Andree Blouin (1921-1986)

Blouin smiling, wearing sunglasses
Andree Blouin, May 11, 1966
Courtesy La Nouvelle Revue

Andree Madeleine Blouin, one of an emerging group of African activists and political leaders in the 1960s, was born in Bessou in the French Colony of Ubangi-Shari (today’s Central African Republic) on December 16, 1921. Her mother, Josephine Wouassemba, was a 14 year old Banzi girl. Her father, Pierre Gerbillat, was a 41-year-old French businessman.

Blouin’s early years were spent with her mother, but at the age of three, her father sent her to a Roman Catholic orphanage in Brazzaville, French Congo primarily designed to house children of mixed-race parentage. At the orphanage she was subjected to abuse and neglect. At the age of 15 she fled the orphanage to defy an arranged marriage.

At age 17 Blouin had a child with a French aristocrat in Brazzaville. The relationship did not last and a few years later she married Charles Greutz a French businessman. They lived in Bangui, Ubangi-Shari. Their son, Rene, was born there.

In 1946 at age 2, Rene was diagnosed with an acute case of malaria. At the time in French African colonies, it was unlawful for an African (or person of African descent) to have access to anti-malaria medication. Andree begged the colonial governor to allow her child to receive the life-saving medication. Even though her son was only one-fourth African, her appeal was denied and her son, Rene, died shortly thereafter. Andree later wrote, “The death of my son politized me.” Her marriage soon ended. In 1952 Andree married, Andre Blouin, a French mining engineer. They relocated to French Guinea in West Africa.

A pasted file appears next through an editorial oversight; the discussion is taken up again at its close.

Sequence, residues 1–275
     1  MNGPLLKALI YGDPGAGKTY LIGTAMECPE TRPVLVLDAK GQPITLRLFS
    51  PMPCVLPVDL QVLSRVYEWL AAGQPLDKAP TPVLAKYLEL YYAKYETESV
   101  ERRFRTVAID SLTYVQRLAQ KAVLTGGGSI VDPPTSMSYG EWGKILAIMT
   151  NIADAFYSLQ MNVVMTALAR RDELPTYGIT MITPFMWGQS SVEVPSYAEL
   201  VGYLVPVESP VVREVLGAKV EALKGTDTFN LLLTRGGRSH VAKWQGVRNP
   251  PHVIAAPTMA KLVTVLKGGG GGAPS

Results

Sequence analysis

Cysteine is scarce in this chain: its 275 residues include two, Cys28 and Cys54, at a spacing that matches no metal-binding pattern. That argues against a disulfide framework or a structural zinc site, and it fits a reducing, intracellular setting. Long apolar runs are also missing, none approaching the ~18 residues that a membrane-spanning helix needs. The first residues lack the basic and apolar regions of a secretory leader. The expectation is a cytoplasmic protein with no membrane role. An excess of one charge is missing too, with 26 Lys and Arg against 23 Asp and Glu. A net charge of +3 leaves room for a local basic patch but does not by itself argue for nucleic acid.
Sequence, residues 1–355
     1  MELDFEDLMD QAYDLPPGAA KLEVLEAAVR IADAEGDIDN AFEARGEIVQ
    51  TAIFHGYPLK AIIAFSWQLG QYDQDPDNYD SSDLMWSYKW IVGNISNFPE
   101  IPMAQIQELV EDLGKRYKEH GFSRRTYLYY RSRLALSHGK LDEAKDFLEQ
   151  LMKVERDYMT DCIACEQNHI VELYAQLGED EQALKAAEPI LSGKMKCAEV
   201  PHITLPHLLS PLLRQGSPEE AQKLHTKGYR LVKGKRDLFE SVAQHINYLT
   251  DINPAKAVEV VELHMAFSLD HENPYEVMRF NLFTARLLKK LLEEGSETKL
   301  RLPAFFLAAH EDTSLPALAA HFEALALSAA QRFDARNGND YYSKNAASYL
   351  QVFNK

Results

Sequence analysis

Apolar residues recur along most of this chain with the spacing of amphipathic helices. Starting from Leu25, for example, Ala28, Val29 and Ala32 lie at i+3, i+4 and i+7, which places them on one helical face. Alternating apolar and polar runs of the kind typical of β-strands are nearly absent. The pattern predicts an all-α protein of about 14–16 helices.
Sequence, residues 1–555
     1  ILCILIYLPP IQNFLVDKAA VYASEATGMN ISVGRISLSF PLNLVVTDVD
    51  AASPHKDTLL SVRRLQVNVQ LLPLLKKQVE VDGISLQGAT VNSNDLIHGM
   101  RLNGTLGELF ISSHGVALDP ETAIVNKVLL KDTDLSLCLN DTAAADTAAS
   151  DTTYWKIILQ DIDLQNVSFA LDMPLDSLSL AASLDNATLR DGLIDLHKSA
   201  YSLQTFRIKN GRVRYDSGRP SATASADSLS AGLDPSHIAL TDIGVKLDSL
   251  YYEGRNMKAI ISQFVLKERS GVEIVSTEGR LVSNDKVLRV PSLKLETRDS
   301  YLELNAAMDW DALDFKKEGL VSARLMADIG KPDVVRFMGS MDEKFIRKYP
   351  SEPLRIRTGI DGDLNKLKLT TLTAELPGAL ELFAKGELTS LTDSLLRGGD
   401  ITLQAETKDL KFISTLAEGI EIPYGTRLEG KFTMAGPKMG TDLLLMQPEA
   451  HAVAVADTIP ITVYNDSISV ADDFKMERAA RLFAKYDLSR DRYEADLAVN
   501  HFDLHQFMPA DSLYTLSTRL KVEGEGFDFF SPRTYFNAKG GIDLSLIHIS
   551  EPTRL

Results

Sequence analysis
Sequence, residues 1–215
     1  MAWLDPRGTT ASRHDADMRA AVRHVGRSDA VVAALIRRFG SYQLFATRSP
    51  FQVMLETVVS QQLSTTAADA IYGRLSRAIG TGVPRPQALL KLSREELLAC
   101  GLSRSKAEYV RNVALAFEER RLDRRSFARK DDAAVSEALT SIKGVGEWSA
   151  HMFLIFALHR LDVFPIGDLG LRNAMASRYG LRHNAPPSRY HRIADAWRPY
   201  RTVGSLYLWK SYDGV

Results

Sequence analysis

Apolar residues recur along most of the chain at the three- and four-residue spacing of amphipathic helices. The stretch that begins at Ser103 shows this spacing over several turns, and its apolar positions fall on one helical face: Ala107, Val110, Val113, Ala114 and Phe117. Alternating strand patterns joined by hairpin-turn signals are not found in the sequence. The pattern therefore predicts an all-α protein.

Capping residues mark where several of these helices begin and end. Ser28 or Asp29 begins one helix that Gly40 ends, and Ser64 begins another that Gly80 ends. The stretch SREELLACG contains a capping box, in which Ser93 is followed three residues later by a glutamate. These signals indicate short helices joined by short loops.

In 1957 the British west African colony of the Gold Coast became the independent nation of Ghana. Demands for independence were voiced throughout the French and British African colonies. In French Guinea, Sekou Touré and his political party championed complete independence from France. Blouin became involved in the agitation for the end of colonial rule in Guinea and joined Touré’s entourage that toured French Guinea advocating for independence. She emerged as a noted political organizer for Touré and his pro-independence party, often speaking at his rallies encouraging women to join the fight for independence by joining the women’s wing of the party. In 1958 Guineans voted for independence.

In 1960 Blouin met several young leaders of the independence movement in the Belgian Congo and soon became became involved in the agitation for that colony’s independence. She organized and mobilized women for the Congolese independence drive. A dynamic, charismatic, and well-organized speaker, by May, 1960 she had singlehandedly enrolled 45,000 people into the Congolese Independence Party. She headed the women’s wing of the party where she worked to expand literacy, fight alcoholism, and for women’s and children’s rights.

After Congolese independence on June 30, 1960 Blouin served as President Patrice Lumumba’s Chief of Protocol in the new government. Her position included being a speechwriter and serving as a diplomatic liaison to European governments. Soon after independence Lumumba’s government was overthrown in an army coup led by Joseph Mobutu. Blouin was sentenced to death but was able to flee the country. In the Western press Blouin was portrayed as an “extreme” nationalist, a communist and a courtesan of powerful African politicians. Others criticized her for teaching women to revolt against their husbands and traditional roles in African society.

After fleeing the Congo, she and her husband settled in Algiers, Algeria. In 1973 the couple divorced and Blouin relocated to Paris. She lived quietly in Paris until her death on April 9, 1986 at the age of 64. She continued to offer support to African nationalists until her death. In addition to Rene, Andree was the mother of three other children.

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